Most of us probably think we’re pretty savvy when it comes to phishing emails and scam SMS messages. We can spot those unsolicited emails asking us to send a deposit to an overseas bank account a mile off, so we’re not at risk, right? Well, maybe not, unless you’re part of the 5% of Britons who can spot scams with unerring accuracy.
To test the British public’s ability to see through inbox tricks and schemes, we curated a series of phishing and genuine emails. If you’d like to discover how savvy you are when it comes to separating the fakes from the authentic messages, simply give our test a go.
So, how did you do? Was it a lot more difficult than you imagined? As the public grows increasingly wary of fake emails, fraudsters are having to incorporate more sophisticated techniques to lower our defences and get us clicking through. So, even those of us on high alert are susceptible to phishing schemes and fake emails.
How did the British public perform?
We invited 1,000 members of the British public to try out our phishing quiz, and discovered that only 5% of respondents answered all 10 questions correctly – meaning that only this small portion are switched on to phishing scams and could consistently tell the difference between fake emails or texts and the real deals.
In fact, it appears that the British public are too sceptical when it comes to their inbox – with the majority labelling the genuine emails as fakes. Only 44% of people taking the quiz were able to identify the authentic emails, erring on the side of caution and marking most messages as spam. Whilst there are undoubted benefits to being cautious, this could lead to people missing important messages from banks, businesses and online contacts.
Our findings also revealed that Britons were more likely to fall foul of phishing tactics in SMS messages than emails. This suggests the average person is more trusting of their phone inbox and not quite so suspicious of illegal activity. However, with many of us incorporating one-touch payment on our smartphones, it is just as important to stay vigilant wherever scam messages are appearing.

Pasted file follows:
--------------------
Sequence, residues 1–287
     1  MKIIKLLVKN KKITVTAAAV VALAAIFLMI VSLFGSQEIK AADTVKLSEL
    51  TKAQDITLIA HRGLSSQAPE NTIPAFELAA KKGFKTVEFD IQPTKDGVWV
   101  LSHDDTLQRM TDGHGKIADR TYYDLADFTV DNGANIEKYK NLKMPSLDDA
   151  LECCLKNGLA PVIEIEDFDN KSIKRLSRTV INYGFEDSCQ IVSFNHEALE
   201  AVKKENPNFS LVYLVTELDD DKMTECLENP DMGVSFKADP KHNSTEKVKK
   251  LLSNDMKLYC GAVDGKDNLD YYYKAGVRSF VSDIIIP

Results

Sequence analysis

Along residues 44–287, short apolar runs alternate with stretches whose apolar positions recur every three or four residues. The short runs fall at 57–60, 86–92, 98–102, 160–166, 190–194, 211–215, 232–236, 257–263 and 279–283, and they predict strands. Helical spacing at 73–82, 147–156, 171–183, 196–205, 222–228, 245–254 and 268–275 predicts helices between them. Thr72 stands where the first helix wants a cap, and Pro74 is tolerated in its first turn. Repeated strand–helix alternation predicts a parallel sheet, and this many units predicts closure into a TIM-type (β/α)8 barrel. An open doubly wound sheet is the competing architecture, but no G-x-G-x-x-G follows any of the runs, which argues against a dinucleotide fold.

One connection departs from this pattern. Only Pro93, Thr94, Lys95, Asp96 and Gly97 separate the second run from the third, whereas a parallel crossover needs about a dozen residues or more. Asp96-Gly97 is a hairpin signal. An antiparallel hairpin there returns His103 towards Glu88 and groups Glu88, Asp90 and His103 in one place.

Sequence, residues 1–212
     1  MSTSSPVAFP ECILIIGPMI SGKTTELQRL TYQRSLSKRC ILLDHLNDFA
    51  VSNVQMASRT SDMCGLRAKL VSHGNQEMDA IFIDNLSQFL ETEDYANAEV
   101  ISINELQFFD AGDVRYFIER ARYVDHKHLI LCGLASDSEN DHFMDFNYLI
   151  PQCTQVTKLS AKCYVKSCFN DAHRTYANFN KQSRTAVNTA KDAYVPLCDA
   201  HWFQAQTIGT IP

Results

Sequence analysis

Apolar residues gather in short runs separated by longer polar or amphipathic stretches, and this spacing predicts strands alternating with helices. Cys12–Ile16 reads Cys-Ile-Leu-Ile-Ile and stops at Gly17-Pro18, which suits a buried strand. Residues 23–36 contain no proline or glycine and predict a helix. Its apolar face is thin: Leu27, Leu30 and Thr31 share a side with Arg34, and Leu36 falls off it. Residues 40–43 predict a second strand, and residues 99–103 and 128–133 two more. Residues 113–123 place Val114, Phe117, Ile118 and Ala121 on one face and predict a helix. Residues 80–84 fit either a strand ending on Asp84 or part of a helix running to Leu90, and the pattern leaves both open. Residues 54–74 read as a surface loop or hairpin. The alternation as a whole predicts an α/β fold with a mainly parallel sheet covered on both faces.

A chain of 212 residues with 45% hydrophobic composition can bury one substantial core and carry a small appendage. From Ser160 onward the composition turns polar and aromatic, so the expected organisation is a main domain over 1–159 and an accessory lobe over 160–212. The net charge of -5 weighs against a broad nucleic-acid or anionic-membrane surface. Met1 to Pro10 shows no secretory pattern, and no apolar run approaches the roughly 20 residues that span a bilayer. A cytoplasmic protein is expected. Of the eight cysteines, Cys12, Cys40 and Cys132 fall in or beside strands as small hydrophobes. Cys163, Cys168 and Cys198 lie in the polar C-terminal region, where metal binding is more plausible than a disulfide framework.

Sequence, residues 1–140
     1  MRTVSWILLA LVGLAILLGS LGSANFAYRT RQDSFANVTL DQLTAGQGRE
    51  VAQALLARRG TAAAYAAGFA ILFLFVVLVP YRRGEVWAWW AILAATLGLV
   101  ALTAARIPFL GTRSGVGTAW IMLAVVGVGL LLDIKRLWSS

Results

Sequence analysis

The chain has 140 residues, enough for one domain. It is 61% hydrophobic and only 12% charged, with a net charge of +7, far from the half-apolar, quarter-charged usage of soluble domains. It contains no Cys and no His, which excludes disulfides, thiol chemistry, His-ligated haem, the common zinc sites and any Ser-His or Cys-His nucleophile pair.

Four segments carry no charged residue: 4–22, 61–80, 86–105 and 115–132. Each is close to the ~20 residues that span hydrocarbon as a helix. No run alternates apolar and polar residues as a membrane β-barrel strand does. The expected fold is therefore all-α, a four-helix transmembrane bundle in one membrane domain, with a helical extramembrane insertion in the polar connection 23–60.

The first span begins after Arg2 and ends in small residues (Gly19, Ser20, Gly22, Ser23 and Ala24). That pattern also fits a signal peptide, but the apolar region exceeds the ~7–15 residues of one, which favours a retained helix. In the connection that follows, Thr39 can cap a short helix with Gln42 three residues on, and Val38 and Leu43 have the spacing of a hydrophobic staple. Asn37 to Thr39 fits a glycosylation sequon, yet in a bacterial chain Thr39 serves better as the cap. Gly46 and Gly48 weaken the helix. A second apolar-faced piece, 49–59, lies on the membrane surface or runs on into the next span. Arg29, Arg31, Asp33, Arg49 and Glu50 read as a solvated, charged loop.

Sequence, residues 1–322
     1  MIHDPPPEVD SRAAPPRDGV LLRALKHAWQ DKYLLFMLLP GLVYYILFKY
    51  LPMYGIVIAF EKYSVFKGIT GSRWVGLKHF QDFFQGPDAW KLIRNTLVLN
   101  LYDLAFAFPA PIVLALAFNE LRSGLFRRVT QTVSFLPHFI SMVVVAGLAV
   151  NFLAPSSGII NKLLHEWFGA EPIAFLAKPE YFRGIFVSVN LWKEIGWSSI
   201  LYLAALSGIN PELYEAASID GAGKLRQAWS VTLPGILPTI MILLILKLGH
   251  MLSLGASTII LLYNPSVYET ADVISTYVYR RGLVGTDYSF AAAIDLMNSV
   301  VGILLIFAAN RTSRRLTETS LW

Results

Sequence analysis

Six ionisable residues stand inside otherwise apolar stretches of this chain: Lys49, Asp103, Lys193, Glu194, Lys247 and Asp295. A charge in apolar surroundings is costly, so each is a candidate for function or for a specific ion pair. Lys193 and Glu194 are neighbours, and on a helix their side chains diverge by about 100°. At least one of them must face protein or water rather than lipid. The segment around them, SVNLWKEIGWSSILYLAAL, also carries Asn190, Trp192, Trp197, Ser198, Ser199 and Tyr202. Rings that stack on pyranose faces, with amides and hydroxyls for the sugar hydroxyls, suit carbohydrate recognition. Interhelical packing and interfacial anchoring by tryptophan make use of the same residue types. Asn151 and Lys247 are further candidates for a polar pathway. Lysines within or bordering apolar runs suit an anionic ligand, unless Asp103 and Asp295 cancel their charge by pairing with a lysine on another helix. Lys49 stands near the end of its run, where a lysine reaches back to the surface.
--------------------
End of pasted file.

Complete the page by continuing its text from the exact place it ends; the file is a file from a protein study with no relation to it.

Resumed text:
Messages purporting to be from trusted sources and websites that we use every day, such as Facebook, appear to receive less scrutiny than messages from sources people use less frequently.
In our quiz, we placed a Facebook message which had a dodgy-looking email address and no personalisation. Despite these warning signs, it was the fake email most people trusted. At the opposite end of the scale, our Uber-style email was completely authentic and even offered information such as the IP address and recipient’s name – and yet, still it was the authentic email which received the highest proportion of ‘mark as spam’ clicks.
These results suggest that many people still rely on soft indicators, such as the brand, rather than strong indicators like mail address, personal information and other trust factors.
The phishing email warning signs to look out for…
Whilst all phishing emails are different and, as mentioned above, always evolving, there are some tell-tale signs to look out for.
Fake email address – Check the email address of the sender first. Sometimes they are obviously fake (firstname.lastname@example.org, for example), but they can be a little trickier. The domain name (the bit after the @ sign) should be the same as the URL the business uses – only authorised personnel use these email addresses. Any other type of email should be viewed with scepticism.
Spelling mistakes and grammar errors – Legitimate businesses are more likely to have a robust editorial process in place, so obvious errors should be a give-away that this is a scammer.
Preview the links – If the email is prompting action by clicking a link, you can test the waters before clicking. Hover over a link and the target URL will appear at the foot of your page. If you don’t recognise the URL in the link, don’t click. Use the business’ website or a contact number to doublecheck if this message and the content is legitimate first.
Check for personal details – If you have an account with the business contacting you, they should either address you personally or reveal some form of identification (username, account number, etc.). If there is nothing to personalise the message to you, it’s quite likely a scam email sent out to a huge database of addresses.
And, of course, always use common sense. If a business emails out of the blue when they haven’t been in contact for a long time, or they are asking for something that doesn’t seem to fit into the service they provide, there’s a good chance this is a scam.
We hope this quiz and guide has been helpful, providing a few tips to spotting phishing emails. If you’re keen to ensure your outdated hardware and software is managed in a safe, secure and responsible way, get in contact with the CDL team today.